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Only in the last fifteen years or so has Nasreen Mohamedi’s practice gained serious attention within India and globally, including in several significant exhibitions such as documenta 12 (2007). Though admired during her lifetime, Mohamedi remained enigmatic and elusive, quite the reflection of her work, a distilled oeuvre that defies easy comprehension. In the absence of obvious content, titles or imagery, her art confounds readings and subverts interpretation.
A quiet individual and cherished fine art teacher, Mohamedi loved lavish clothes, textiles and beautifully crafted artefacts. Her refined taste was apparent from the small embroidered bags and cushions she made, which were in keeping with her peculiar aesthetic. She enjoyed watching Bruce Lee’s kung-fu movies, listening to Indian classical music, but also popular songs, which she played on her transistor radio at night.
This talk considers Mohamedi’s sustained engagement with abstraction, as well as the aesthetic, historical and material choices that shaped her unique vision.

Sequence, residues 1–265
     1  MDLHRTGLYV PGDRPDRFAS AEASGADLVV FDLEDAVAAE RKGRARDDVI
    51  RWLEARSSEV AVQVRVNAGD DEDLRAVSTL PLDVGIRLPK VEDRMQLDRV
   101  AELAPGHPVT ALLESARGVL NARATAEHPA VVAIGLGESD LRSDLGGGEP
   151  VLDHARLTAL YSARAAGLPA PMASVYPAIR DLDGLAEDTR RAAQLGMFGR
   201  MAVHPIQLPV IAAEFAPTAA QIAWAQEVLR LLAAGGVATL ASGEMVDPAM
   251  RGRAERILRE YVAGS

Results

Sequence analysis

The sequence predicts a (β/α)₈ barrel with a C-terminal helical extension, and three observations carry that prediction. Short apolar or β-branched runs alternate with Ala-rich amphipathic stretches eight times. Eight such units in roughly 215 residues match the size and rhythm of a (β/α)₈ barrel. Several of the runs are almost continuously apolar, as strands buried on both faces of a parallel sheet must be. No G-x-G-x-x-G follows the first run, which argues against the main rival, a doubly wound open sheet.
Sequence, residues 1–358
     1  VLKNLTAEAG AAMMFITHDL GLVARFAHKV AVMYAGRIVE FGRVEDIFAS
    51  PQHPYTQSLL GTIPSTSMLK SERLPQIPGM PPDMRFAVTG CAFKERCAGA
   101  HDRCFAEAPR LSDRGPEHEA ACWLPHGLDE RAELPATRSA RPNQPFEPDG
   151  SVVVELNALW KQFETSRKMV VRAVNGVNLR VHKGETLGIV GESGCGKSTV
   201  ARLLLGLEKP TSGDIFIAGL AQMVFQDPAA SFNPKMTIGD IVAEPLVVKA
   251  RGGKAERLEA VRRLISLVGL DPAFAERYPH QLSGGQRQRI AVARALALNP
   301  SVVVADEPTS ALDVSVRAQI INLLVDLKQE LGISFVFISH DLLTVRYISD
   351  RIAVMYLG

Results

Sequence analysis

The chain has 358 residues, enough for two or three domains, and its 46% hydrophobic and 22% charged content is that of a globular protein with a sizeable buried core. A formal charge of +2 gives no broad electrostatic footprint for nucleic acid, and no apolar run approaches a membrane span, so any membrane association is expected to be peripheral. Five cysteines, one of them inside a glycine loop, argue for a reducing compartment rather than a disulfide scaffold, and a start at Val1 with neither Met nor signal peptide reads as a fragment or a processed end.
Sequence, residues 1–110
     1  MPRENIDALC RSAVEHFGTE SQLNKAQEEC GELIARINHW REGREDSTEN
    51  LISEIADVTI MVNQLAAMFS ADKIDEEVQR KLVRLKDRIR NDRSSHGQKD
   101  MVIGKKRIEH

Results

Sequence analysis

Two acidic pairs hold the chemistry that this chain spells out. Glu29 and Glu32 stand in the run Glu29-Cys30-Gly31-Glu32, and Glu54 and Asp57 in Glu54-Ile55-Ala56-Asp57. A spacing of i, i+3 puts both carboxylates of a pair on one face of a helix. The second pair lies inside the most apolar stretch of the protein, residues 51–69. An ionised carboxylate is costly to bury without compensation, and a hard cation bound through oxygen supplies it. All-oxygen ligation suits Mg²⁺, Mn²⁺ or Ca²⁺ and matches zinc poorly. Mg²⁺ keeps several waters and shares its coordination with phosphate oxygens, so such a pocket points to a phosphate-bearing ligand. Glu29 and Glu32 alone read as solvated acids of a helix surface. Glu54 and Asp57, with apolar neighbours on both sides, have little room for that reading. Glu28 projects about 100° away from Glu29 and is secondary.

Repetitive and allusive, her abstract compositions were compared by contemporary critics to the cryptic remnants of the ancient script of the Qur’an, to the labyrinthine constructions engineered by spiders, and to interstellar movements in space. Could it be that Mohamedi’s works aspire to higher forms of consciousness through contemplative explorations that interlace various realms of knowledge, both secular and spiritual? But also could it be that the ultimate significance of Mohamedi’s hieroglyphs, so steady and precise, remains deferred?